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Italian Police Apprehend Teenage Girls Behind Brutal Antisemitic Attack on Jewish Child

A 12-year-old Italian Jewish boy has been the target of a vicious antisemitic attack in a municipal park by two older teenagers who subjected him to a stream of insults.

The boy, named as “Marco,” was chatting with friends last Sunday in the park in the town of Campiglia Marittima, near Livorno in Tuscany, where he lives with his parents. Two 15-year-old girls approached him and told him to be quiet, before calling him a “dirty Jew.” The assailants then spat at the boy and proceeded to assault him with punches and kicks. They also told him that he would “die in the ovens” — a reference to the gas chambers used to exterminate Jewish inmates of Nazi concentration camps.

Local police have since apprehended the two teenagers, dubbed “antisemitic bullies” in the local press, who will now face charges in the Juvenile Court in Florence.

Interviewed by local media outlets, the boy’s father highlighted that no-one came to the defense of his son.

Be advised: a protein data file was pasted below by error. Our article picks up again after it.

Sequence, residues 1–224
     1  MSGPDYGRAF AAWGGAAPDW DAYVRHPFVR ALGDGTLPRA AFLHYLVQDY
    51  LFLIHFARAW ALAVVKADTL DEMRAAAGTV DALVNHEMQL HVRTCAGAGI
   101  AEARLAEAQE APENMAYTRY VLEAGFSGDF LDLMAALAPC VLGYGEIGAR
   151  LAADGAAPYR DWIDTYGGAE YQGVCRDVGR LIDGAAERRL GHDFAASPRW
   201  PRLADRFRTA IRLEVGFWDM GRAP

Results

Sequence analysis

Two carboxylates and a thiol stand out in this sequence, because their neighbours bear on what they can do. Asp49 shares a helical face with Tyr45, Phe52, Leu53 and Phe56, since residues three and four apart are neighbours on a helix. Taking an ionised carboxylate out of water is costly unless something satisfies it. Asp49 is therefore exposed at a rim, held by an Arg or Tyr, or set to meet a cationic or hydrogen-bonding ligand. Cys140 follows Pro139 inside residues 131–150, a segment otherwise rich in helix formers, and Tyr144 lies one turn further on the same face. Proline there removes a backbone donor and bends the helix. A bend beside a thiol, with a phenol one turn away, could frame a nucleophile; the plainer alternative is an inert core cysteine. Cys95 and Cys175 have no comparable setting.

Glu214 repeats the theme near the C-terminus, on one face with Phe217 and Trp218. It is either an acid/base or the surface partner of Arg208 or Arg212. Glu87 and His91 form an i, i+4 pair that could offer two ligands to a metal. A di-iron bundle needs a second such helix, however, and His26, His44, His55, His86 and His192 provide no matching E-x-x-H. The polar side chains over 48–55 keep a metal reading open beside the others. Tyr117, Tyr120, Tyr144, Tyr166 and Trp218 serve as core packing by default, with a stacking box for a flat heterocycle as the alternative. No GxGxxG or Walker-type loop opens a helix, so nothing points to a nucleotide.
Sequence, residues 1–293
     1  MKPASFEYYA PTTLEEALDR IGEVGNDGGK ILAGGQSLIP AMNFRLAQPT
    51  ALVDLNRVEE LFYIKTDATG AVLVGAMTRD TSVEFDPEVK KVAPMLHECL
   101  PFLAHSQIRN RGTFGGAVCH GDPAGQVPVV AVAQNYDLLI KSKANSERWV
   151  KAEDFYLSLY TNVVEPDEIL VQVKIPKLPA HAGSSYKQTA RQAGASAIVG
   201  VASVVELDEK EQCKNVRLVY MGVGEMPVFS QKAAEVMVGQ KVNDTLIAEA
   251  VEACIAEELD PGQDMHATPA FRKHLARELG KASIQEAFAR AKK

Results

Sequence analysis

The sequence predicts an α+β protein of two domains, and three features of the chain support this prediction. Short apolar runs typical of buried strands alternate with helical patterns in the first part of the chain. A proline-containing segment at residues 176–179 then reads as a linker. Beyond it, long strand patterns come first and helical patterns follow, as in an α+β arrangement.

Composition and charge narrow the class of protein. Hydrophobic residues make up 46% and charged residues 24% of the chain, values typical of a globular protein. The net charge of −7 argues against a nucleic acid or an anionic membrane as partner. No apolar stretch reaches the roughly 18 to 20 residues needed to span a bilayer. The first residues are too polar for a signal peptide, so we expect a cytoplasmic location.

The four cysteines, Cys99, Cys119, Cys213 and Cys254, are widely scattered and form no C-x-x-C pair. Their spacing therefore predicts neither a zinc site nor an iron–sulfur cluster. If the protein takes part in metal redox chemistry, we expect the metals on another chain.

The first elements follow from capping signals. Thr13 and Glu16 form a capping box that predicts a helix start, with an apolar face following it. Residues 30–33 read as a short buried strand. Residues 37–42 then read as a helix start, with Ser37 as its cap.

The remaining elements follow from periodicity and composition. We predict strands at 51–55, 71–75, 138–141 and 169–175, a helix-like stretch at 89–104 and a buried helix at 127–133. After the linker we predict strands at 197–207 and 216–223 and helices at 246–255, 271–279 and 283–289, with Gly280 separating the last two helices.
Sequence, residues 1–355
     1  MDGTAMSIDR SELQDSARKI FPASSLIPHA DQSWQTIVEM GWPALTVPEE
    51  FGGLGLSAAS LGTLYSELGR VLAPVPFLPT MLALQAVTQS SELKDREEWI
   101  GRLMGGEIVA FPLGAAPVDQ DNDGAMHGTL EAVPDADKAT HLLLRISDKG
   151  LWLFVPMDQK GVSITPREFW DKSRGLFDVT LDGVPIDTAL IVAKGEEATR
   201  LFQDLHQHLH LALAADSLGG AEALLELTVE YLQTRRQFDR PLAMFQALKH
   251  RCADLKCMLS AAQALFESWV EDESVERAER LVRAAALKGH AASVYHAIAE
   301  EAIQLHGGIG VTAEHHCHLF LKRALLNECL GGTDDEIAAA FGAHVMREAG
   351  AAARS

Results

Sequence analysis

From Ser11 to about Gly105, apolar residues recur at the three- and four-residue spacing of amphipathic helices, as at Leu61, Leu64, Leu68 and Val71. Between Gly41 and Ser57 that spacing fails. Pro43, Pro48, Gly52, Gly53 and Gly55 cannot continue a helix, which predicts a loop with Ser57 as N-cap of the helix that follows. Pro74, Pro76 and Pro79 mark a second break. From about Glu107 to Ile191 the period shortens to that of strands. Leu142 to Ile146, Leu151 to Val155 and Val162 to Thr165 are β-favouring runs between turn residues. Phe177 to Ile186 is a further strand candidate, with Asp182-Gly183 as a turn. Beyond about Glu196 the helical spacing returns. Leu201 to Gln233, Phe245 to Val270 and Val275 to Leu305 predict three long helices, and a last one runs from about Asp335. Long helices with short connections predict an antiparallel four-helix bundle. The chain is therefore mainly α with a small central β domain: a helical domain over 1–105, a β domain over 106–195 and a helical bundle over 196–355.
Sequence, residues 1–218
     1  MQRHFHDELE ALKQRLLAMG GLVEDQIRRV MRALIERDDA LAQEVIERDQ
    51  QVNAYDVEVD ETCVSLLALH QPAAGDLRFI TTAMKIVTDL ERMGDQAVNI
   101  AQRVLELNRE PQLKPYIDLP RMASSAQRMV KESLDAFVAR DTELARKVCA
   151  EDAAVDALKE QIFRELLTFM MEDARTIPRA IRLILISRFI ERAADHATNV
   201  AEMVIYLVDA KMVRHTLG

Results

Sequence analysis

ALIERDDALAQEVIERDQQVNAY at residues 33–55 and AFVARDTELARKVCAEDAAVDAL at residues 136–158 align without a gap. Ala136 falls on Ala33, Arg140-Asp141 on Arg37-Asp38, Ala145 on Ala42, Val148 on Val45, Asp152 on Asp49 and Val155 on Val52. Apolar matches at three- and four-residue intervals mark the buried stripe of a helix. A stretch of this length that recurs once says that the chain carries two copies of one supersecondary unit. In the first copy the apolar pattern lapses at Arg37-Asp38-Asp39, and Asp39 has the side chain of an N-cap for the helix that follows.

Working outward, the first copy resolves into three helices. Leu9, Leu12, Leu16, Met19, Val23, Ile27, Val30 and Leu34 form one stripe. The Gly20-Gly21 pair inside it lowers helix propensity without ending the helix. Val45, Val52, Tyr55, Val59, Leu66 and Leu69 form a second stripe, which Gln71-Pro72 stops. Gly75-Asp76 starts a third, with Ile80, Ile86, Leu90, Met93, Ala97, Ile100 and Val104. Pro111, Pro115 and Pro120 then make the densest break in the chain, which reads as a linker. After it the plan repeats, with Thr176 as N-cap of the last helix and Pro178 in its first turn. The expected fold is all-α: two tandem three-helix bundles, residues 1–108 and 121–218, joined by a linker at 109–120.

“Nobody in that public park where the attack took place said anything, nobody defended my son,” the father said. “I can’t explain what happened, I only know that my son was terrified and will never forget what happened.”

His son had come “home in tears, his clothes were marked with spit,” the father continued. “He immediately ran to the sink to clean his jacket and sweatshirt. He was desperate. An unbearable humiliation. I had the feeling of having returned to the terrible years of the [wartime fascist regime’s] racial laws.”

Vittorio Mosserio, the head of the Jewish community in Livorno, said that the attack had been particularly shocking coming a few days before international Holocaust Memorial Day on Jan. 27.

“Now let’s try to understand what’s in the heads of these girls, what’s behind the aggression by two 15-year-olds,” Mosserio added.

Liliana Segre, a Holocaust survivor who is an Italian senator-for-life, expressed indignation over the attack.

“These are things that amaze me, but unfortunately I am used to it,”  Segre, who has faced frequent harassment from antisemites, told the AP news agency.